SFA’s top target Michael O’Neill still has plenty to ponder

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What is the Scottish Football Association to make of Michael O’Neill’s recent trip to China? The leading candidate for the vacant Scotland post spent last weekend in the Far East on a fact-finding trip organised long before he emerged as favourite to succeed Gordon Strachan.

When O’Neill was introduced to his hosts in China it was as “manager of Northern Ireland”, understandably so since that is what he remains – for now. He was accompanied there by Austin MacPhee, who is, also for now, one of O’Neill’s assistants at Northern Ireland as well as being assistant manager of Hearts. What were the pair discussing during the 12-hour flight there and back, and over two days there, visiting Chinese Super League club Shanghai Greenland Shenhua?

Scotland are prepared to make Michael O'Neill their highest-paid manager ever. Picture: AFP/Getty

Scotland are prepared to make Michael O'Neill their highest-paid manager ever. Picture: AFP/Getty

Crucially MacPhee is a Scot and someone O’Neill is certain to insist remains by his side should be accept Scotland’s advances.

What was being weighed up over a beer as two friends who have already gone through so much together scanned the Shanghai skyline from their hotel bar at night? The SFA can relax in one respect at least. While O’Neill has been linked to a host of vacant posts, including Stoke City, Marcello Lippi recently signed a 
new contract to continue as manager of China.

O’Neill has returned with a lot to digest. He is aware 
Scotland are prepared to make him their highest-paid 
manager ever. But he is also alert – because it’s there, in black and white, on the table in front of him – to the fact Northern Ireland have offered a new contract that would elevate him to the status of second-highest paid international manager in the British Isles after Gareth Southgate. Six years, on a reputed £750,000 per annum, who wouldn’t be swayed?

He is careful, pragmatic and as you would expect of someone who is a trained financial advisor, knows his own worth. Northern Ireland have now set the value if money is all it’s about, which you imagine, with O’Neill, it isn’t.

It’s a very attractive offer from a country to which he’s already deeply attached. His heartstrings will feel a tug no matter how much the purse strings are loosened.

There’s an airport already named after George Best but you wonder what might happen were O’Neill to lead Northern Ireland to a second successive Euro finals in 2020? He has already led them to the World Cup play-offs in what was an impressive encore after reaching the knockout stage of Euro 2016.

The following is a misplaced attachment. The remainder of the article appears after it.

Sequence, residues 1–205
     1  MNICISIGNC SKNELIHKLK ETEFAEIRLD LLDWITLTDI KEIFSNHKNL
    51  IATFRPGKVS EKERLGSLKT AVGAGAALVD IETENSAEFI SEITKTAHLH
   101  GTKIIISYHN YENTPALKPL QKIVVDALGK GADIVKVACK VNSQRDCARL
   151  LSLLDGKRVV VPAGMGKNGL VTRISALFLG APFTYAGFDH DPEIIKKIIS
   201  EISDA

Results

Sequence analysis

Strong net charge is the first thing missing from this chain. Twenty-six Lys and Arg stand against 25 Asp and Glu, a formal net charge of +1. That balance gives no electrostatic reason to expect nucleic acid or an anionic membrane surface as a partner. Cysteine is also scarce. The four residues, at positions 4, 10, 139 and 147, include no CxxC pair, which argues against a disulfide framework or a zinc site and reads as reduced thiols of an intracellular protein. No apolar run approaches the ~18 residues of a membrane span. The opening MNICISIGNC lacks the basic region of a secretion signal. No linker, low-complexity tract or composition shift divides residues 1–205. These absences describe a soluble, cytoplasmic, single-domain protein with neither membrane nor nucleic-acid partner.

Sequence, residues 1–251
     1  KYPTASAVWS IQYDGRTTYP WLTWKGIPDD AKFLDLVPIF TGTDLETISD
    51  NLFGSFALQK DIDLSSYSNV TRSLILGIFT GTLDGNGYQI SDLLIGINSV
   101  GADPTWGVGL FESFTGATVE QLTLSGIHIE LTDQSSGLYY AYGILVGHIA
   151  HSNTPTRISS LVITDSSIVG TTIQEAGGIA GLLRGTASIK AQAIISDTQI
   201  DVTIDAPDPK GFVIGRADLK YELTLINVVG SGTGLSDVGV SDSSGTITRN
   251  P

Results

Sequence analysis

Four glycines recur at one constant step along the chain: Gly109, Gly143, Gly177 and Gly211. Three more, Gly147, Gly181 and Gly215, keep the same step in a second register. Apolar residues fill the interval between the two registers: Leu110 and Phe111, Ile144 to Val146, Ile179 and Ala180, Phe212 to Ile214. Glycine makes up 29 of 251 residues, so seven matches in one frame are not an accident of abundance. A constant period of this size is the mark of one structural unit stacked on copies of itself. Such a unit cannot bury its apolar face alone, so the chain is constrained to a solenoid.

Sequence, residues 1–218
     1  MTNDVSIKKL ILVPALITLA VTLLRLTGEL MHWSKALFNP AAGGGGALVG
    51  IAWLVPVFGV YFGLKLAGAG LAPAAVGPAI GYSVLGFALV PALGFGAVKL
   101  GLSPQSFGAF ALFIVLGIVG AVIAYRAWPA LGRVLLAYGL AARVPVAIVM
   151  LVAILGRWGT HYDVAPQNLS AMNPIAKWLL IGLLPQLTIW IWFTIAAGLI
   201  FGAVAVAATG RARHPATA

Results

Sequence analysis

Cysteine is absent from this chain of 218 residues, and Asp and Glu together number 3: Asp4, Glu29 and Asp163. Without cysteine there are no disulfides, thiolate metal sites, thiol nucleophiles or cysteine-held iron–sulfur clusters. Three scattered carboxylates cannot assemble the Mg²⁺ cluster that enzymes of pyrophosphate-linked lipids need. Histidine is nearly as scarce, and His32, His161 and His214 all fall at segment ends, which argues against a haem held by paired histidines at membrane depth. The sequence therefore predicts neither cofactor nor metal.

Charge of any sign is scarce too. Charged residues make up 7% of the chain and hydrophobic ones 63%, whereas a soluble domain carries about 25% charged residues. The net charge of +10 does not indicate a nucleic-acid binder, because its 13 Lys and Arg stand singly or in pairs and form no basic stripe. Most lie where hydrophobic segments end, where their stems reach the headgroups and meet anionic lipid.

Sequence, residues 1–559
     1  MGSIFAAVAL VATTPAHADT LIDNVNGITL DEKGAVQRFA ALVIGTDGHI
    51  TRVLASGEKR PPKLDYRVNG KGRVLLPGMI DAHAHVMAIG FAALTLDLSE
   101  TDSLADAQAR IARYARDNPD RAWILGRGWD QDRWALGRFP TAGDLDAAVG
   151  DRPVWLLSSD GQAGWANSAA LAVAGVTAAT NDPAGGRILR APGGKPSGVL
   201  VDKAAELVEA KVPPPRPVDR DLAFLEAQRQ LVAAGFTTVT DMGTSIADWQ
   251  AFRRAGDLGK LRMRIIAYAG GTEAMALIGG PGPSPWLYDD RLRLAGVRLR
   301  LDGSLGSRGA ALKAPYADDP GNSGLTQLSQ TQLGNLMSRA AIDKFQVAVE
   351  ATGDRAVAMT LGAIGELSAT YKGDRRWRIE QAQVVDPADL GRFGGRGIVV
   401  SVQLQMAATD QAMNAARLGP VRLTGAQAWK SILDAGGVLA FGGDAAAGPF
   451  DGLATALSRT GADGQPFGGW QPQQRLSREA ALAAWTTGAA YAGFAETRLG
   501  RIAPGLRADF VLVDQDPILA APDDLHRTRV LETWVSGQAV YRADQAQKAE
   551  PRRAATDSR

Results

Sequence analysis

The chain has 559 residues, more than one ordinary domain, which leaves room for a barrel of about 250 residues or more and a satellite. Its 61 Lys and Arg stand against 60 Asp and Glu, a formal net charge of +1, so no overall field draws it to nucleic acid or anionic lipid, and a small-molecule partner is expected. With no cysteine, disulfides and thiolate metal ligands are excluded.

So there’s much to ponder. Even now, back home in Edinburgh, O’Neill must be besieged by warring thoughts. What’s a man to do?

Not that he’s one to be paralysed by indecision. He shocked supporters when reacting to the opening defeat to Poland at Euro 2016 by changing half his outfield players, including talisman Kyle Lafferty, for the win over Ukraine in the next game. He’s clear sighted and unafraid to take risks.

If ambition were the only criteria, then Scotland, with all the possibilities this role entails, would seem the obvious choice between the two. There is vast potential for the reverence in which he 
is already held in Northern 
Ireland to be replicated in Scotland should he achieve what’s already been done with his homeland and reach a major finals. Were this to happen, it’s understood O’Neill would also be handsomely rewarded in terms of bonuses on top of around £500,000 a year basic salary, more than Strachan was paid.

The SFA is having to tread cannily as it seeks to disguise its keenness for fear of looking foolish if its advances are rejected by O’Neill, who has already held what’s been described as “positive talks” with the Irish Football Association (IFA) over a new deal.

The SFA will claim it has pushed the boat out as far as it can financially amid additional uncertainty over the future of Hampden Park.

Stewart Regan, the SFA chief executive, and Patrick Nelson, his opposite number at the IFA, get on well. So there’s likely to have already been some dialogue, unofficially at least. As for O’Neill, he’s mentioned before that his two daughters, Erin and Olivia, regard themselves as Scottish. He and wife Bronagh are based in Edinburgh, the city O’Neill has called home for most of the time since signing for Hibs from Dundee United in 1993.

It’s possible to forget just how far O’Neill has come in a relatively short space of time. Ten years ago this weekend he was in charge of Brechin City as they slid to a 1-0 home defeat to Cowdenbeath. But this was a rare misstep at Glebe Park, where he began to learn his managerial craft.

Shamrock Rovers came next, the team he led into the Europa League group stage while winning back-to-back league titles. It’s interesting to note that, even when the IFA came calling as they looked for a successor to Nigel Worthington, and O’Neill’s contract was expiring at Shamrock Rovers, it wasn’t a case of them simply clicking their fingers. There were weeks of speculation as O’Neill weighed his options up.

If O’Neill is accused of being hard to get he would argue he’s worth it. At least we can be fairly sure of one thing. O’Neill will make sure something is resolved by 24 January, when the Nations League draw is scheduled to take place in Lausanne. He won’t want to spend his time there being badgered by reporters from Scotland, Northern Ireland and elsewhere seeking thoughts on his future, which would undoubtedly happen were it still uncertain by then. O’Neill is committed to 
making sure it isn’t.